Dictionary of National Biography, 1885-1900/Livingstone, Charles
LIVINGSTONE, CHARLES (1821–1873), missionary and traveller, brother of Dr. David Livingstone [q. v.], was born at Blantyre in Lanarkshire on 28 Feb. 1821. He attended the local school and worked with his brother in the cotton-factory of H. Monteith & Co., from which he moved to a lace factory at Hamilton. He devoted his leisure time to study, and became a Sunday-school teacher. In 1840 he emigrated to the Western States of America, and became a student at a training college for missionaries. In 1847 he entered the Union Theological College, New York City, from which he took his degree in 1850. Dr. Storrs of Massachusetts took a deep interest in him, and obtained for him a pastoral charge in that state. In April 1857 he came to England on leave of absence, and met his brother David, fresh from his discoveries in Central Africa, who induced him, not without a struggle, to leave his family and his flock in America, and to join the Zambesi expedition. Through many privations and difficulties he was the doctor's faithful companion and assistant till 1863, when he was invalided home, and went to join his family in America. His health would not, however, allow of his resuming ministerial duties, and after writing out his journal, he came to meet his brother David in England, and assist him in preparing the work on the Zambesi for the press. In October 1874 he accepted the appointment of her majesty's consul at Fernando Po, and in 1867 the Bights of Benin and Biafra, including the mouths of the Niger, were added by Lord Stanley to his consular district. His upright and consistent Christian life gave him great influence with the chief, whom he persuaded to abolish many cruel and heathenish customs. He visited the Okrikas, a savage cannibal tribe, and his visit resulted in great good to them. He died near Lagos, 28 Oct. 1873, of African fever.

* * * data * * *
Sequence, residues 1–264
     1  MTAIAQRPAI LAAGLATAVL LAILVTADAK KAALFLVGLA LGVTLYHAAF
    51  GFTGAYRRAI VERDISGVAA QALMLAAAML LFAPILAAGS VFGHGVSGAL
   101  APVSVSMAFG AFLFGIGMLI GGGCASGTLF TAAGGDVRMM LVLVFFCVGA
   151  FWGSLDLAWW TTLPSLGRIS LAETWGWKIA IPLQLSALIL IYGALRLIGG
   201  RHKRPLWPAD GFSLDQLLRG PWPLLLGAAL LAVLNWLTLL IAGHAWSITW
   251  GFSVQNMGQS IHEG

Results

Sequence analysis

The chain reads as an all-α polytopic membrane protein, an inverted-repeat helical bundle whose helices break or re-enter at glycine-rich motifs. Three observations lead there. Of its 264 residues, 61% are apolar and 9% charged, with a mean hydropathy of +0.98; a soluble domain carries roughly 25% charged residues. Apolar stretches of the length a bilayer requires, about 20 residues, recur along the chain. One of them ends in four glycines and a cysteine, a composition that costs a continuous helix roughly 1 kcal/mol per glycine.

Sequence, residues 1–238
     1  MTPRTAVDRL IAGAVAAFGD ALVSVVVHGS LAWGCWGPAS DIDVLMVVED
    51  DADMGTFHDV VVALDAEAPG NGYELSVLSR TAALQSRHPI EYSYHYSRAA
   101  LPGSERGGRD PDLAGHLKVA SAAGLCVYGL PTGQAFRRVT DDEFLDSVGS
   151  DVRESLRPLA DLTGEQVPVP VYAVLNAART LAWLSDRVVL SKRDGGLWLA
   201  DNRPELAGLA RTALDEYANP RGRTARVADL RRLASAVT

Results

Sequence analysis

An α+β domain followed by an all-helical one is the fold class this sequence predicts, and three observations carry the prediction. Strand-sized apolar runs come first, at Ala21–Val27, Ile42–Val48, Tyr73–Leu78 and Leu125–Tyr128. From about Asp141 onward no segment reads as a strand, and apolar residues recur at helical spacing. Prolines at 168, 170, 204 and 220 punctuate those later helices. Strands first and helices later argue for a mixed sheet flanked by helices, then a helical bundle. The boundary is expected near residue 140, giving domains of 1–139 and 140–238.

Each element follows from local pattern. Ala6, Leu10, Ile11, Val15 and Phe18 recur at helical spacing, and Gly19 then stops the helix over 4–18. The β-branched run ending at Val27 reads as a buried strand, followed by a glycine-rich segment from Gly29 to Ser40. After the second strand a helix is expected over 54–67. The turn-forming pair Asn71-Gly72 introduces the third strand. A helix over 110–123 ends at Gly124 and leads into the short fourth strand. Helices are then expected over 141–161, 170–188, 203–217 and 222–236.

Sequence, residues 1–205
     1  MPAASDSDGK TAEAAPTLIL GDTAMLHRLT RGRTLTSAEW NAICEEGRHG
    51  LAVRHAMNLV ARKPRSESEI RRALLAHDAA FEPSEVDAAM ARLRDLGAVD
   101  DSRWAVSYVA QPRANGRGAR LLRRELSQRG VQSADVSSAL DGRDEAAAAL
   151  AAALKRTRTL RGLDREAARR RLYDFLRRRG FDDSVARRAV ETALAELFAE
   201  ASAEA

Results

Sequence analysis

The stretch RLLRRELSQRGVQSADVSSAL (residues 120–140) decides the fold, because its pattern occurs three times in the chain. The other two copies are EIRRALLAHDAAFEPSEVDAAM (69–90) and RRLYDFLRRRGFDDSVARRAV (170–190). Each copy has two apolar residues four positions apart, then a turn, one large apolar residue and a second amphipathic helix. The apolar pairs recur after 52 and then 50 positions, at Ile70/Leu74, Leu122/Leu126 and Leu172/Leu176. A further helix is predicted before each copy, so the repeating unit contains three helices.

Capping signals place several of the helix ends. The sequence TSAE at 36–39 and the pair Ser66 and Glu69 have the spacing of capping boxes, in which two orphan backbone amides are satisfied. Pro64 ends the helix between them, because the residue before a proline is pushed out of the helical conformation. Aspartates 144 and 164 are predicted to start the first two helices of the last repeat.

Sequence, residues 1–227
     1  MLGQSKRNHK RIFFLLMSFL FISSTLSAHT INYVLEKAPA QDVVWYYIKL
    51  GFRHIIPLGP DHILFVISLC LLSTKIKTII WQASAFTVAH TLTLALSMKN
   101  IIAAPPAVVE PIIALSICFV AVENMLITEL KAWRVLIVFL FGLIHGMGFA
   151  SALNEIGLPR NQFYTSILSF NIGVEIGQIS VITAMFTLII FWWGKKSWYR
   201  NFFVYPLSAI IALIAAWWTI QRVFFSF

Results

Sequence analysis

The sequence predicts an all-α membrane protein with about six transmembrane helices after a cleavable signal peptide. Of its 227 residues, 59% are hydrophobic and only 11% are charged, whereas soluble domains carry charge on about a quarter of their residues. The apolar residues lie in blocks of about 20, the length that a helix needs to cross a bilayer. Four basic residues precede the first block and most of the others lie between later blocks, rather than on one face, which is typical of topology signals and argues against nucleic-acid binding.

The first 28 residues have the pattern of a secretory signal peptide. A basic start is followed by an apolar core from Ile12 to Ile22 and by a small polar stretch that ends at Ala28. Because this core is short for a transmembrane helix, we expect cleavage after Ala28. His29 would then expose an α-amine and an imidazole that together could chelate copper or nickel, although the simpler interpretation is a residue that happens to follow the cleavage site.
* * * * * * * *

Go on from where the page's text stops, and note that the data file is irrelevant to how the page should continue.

[Proceedings of the Royal Geographical Society, 1874, vol. xxxiii.]